WASHINGTON -- Early in his service as President Nixon's national security adviser, Henry Kissinger paid a visit to his homeland. The West German government suggested to the press that Kissinger intended to visit some relatives. "What the hell are they putting out?" Kissinger vented to his aides. "My relatives are soap."
Blunt, and true. Kissinger had left Germany in August 1938 as a 15-year-old refugee, three months before Kristallnacht. His granduncle, three aunts and other relatives were murdered in the Holocaust.
So it is appalling to hear Kissinger, an epic life later, telling Nixon on a scratchy recording from March 1, 1973: "Let's face it: The emigration of Jews from the Soviet Union is not an objective of American foreign policy. And if they put Jews into gas chambers in the Soviet Union, it is not an American concern. It may be a humanitarian concern."
Some commentators have attempted to provide a psychological explanation for this incident, having to do with the struggles of a Jew in an anti-Semitic White House. But this effort is not necessary. Kissinger's words were not the expression of a quirk but of an argument. In 1969, he had publicly declared: "We will judge other countries, including communist countries, on the basis of their actions, not on the basis of their domestic ideologies." This is a commonplace assertion of a school of foreign policy called "realism" -- that only the external behavior of regimes really matters, that their internal conduct does not concern American interests. It is a view currently popular, even ascendant, among foreign-policy thinkers. Kissinger was merely being unsentimental in its application.
In response to the recent release of the recording, Kissinger said his words "must be viewed in the context of the time." That context was a debate over the Jackson-Vanik Amendment of 1974. The Soviet government -- which both practiced anti-Semitism and resented the brain drain of Jewish departures -- had imposed heavy fines on emigres. Sen. Henry Jackson and Rep. Charles Vanik, supported by American Jewish groups, responded with legislation that linked normal trade relations with the Soviet Union (and other "non-market" economies) to the freedom to emigrate.
Kissinger believed that detente with the Soviet Union was of overriding importance and that human rights issues should only be raised quietly, on an unrelated diplomatic track. "The Jewish community in this country, on that issue," he told Nixon, "is behaving unconscionably. It's behaving traitorously."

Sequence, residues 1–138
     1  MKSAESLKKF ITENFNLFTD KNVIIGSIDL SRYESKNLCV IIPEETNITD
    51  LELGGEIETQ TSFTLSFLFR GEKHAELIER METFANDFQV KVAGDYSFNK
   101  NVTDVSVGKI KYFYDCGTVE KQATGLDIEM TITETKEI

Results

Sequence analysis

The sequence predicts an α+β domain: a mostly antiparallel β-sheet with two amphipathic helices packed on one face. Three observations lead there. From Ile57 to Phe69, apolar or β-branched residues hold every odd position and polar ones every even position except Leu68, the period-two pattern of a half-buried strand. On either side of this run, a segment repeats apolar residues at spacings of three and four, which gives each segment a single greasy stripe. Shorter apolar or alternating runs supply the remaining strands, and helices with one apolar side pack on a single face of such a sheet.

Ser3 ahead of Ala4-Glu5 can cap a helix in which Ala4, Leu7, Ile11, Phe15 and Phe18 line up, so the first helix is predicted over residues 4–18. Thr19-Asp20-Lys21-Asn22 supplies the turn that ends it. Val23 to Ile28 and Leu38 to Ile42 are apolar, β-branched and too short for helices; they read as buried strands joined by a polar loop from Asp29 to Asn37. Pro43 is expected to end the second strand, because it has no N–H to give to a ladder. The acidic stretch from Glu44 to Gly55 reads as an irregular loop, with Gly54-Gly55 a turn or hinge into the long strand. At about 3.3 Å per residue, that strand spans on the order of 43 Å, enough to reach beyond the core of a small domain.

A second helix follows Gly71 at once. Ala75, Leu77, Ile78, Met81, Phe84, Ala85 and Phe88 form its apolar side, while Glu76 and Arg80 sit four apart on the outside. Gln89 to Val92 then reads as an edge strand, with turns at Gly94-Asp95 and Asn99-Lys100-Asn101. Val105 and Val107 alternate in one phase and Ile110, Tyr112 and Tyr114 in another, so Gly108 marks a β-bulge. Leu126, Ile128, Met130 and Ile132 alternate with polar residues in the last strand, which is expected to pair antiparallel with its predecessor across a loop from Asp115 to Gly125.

But Jackson-Vanik turned out to be a pivot point in the Cold War. After an initial drop in emigration, the legislation exerted two decades of pressure on Soviet leaders, eventually resulting in higher emigration levels. It pressed one of the West's most powerful ideological advantages against the Soviet Union by demonstrating the weakness of a system that must build walls to keep its people from fleeing. This emphasis on human rights inspired not only Jewish refuseniks but other groups and nationalities that inhabited the Soviet prison.
Jackson-Vanik was both a rejection of Kissinger's realism and a preview of Reaganism. It asserted that oppressive regimes are more likely to threaten their neighbors, placing human rights nearer the center of American interests. It elevated standards of human dignity that were direct threats to regimes premised on their denial.
Henry Kissinger is not a simple villain, because he is not a simple anything. Complexity is his creed. In other circumstances, he was a friend to the state of Israel. He skillfully navigated a difficult patch in the Cold War. In later writings, he has recognized the role of idealism in sustaining American global engagement.
This 37-year-old quote does not characterize an entire career. But it illustrates the narrowness of foreign policy realism. It has a sadly limited view of power, discounting American ideological advantages in global ideological struggles.
Realists often hold a simplistic view of great-power relations, asserting that any humanitarian pressure on Russia or China will cause the whole edifice of global order to crumble. This precludes the possibility of a mature relationship with other nations in which America both stands for its values and pursues common interests.
And from this historical episode, it is clear that repeated doses of foreign policy realism can deaden the conscience. In President Nixon's office, a lack of human sentiment was viewed as proof of mental toughness -- an atmosphere that diminished the office itself. Realists are often dismissive of Manichean distinctions between good and evil, light and darkness. But in the world beyond good and evil, some may be lightly consigned to the gas chambers.
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